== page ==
Caesarean Section: A Positive Birth Experience
Around 25% of NCT members deliver their babies by caesarean section. Many of
these women feel that their birth has somehow been taken out of their control.
Fiona Barlow an NCT antenatal teacher, suggests ways in which antenatal class
leaders can help parents who are faced with a caesarean section to feel positive
and in control of their birth experience.
'Caesarean section? Oh, as soon as I mention sections to a class they all
switch off; they never think it will happen to them.' Maybe not our most popular
topic...but perhaps when we slip it in at the end of a session or simply offer a
handout we are the ones at fault of 'switching off'.
What follows is a brief account of how I deal with the subject of caesarean
section during my general antenatal classes. (I also occasionally facilitate
small group, or one-to-one sessions, for parents who know for sure that they are
to give birth by caesarean section.)
So much of what we discuss in our general antenatal classes is actually
highly relevant to women faced with the possibility of having their babies by
caesarean; we just need to help them make the connections, for example:
- postural exercises to encourage optimal fetal positioning during pregnancy
- coping with a breech presentation and finding a way through the available
- relaxation techniques throughout labour while spinal anaesthesia is
initiated or surgery is imminent
- the links between induction of labour, epidural anaesthesia, electronic
fetal monitoring and caesarean section
- optimising the chances of vaginal delivery; the effect of birth place,
attendants, movement during labour
During my classes, I focus for some time on the reasons why a caesarean
section may be required. I describe situations when caesarean is the most likely
outcome (cord prolapse or placenta abruptio) and compare these with
circumstances when management is more open to debate - breech presentation, for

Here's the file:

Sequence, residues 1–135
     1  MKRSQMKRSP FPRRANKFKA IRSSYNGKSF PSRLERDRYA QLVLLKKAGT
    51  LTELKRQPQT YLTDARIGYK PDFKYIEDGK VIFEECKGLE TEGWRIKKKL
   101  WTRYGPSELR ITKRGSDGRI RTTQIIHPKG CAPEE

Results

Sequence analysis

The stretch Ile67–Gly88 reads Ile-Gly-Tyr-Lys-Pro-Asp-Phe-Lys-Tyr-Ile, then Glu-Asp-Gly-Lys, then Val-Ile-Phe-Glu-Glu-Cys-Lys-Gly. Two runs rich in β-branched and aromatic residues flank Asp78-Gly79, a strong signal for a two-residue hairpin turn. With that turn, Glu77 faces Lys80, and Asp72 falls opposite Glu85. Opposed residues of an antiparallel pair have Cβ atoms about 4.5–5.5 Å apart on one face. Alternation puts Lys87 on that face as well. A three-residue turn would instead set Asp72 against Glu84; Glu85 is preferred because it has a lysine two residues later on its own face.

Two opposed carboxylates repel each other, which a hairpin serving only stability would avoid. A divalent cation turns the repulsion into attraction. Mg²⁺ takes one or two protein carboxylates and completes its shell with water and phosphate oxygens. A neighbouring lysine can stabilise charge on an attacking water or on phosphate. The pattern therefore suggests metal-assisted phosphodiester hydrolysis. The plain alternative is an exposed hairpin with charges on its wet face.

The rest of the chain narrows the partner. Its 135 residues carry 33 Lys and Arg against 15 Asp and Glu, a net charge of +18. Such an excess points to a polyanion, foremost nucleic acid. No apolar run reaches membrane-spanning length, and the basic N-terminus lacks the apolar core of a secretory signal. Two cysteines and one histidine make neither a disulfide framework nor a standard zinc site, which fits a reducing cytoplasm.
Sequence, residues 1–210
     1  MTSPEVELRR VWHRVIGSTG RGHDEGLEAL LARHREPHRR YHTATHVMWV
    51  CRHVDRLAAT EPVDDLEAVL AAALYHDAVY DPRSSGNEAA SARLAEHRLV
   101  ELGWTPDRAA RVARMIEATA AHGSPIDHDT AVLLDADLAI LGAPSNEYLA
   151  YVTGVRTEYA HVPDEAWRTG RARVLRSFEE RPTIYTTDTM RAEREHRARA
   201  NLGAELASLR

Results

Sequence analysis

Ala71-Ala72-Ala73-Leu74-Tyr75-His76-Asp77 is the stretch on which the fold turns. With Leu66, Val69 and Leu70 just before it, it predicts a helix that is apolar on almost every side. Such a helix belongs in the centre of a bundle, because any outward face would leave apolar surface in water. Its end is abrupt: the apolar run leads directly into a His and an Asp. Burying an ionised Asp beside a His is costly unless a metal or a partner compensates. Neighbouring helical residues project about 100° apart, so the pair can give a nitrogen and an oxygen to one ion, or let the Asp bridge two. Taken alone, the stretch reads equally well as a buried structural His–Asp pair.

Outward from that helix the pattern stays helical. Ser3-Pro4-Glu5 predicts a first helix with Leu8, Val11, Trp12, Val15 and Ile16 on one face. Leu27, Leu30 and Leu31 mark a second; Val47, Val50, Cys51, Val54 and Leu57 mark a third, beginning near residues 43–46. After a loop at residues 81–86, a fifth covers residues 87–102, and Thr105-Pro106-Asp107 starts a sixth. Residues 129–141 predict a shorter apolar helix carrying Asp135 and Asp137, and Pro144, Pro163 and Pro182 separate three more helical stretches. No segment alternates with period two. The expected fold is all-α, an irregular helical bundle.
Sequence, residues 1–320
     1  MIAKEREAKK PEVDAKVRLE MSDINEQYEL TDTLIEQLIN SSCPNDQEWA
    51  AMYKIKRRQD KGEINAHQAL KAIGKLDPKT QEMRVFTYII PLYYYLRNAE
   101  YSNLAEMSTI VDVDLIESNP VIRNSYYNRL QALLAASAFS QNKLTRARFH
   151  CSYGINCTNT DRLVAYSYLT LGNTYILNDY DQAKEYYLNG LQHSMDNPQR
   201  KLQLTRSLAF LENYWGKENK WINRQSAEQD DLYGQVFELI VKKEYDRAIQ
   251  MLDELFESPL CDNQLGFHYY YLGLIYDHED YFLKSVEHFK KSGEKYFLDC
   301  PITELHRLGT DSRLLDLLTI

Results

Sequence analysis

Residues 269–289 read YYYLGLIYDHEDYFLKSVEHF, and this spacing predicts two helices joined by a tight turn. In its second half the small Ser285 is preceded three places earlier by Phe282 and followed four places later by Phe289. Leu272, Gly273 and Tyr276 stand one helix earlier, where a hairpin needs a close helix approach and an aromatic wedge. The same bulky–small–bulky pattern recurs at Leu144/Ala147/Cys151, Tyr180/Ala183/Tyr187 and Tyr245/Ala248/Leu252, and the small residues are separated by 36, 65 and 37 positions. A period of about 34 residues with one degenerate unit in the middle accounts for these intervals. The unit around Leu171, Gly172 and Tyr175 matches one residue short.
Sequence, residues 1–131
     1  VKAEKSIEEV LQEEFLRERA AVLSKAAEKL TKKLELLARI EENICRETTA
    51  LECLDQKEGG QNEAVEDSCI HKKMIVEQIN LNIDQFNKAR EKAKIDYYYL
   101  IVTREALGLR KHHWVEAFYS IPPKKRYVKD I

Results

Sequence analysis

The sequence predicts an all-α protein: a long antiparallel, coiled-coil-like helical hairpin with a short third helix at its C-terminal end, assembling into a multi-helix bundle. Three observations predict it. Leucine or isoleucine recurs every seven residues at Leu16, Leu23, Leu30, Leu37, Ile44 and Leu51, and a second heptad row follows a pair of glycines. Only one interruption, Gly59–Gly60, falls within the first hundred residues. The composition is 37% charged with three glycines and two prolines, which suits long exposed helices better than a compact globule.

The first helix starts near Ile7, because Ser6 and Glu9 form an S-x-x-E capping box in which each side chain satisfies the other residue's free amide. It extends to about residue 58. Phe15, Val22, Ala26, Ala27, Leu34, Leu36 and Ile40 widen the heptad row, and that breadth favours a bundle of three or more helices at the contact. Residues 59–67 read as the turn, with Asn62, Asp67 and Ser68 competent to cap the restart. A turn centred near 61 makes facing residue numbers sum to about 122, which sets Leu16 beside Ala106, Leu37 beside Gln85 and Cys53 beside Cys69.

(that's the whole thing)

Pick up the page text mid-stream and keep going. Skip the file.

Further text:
example, or 'failure to progress'. I usually find that, far from 'switching
off', couples are keen to explore their fears and feelings in these situations;
to become aware of the difference between the drama and inevitability of the
emergency scenario and other occasions when informed choice and, perhaps,
assertiveness play a part. I find the use of BRAN - a discussion of the
Benefits, Risks, Alternatives, Nothing - a useful tool for exploring the options
available to couples who may find themselves in these situations.
Having considered ways of avoiding a caesarean birth, I then guide the group
through ways of improving the caesarean experience, preparing them for an
alternative - but perfectly valid - way of giving birth.
I describe what it may be like in the operating theatre, the number of people
present and their roles. The sheer numbers involved often comes as a
considerable shock to couples, especially if they have been planning a quiet and
private birth. I find the 'Playmobile' operating theatre set a useful tool for
this exercise - although you do need to buy more people!
We move on to explore the choices available to a woman and her labour
partner, antenatally, during the birth and posnatally. People are often
surprised at the range of options open to them in the face of a caesarean birth;
the little things that can, with a bit of forethought, be done to create a
memorable and pleasant birth experience. I suggest that couples may wish to
write a birth plan, although I emphasise that this document, like all birth
plans, should be flexible. A birth plan does not need to be very detailed; I see
it as a way of increasing awareness about choices. I consolidate our discussion
with a handout, detailing the questions a couple may wish to ask their midwife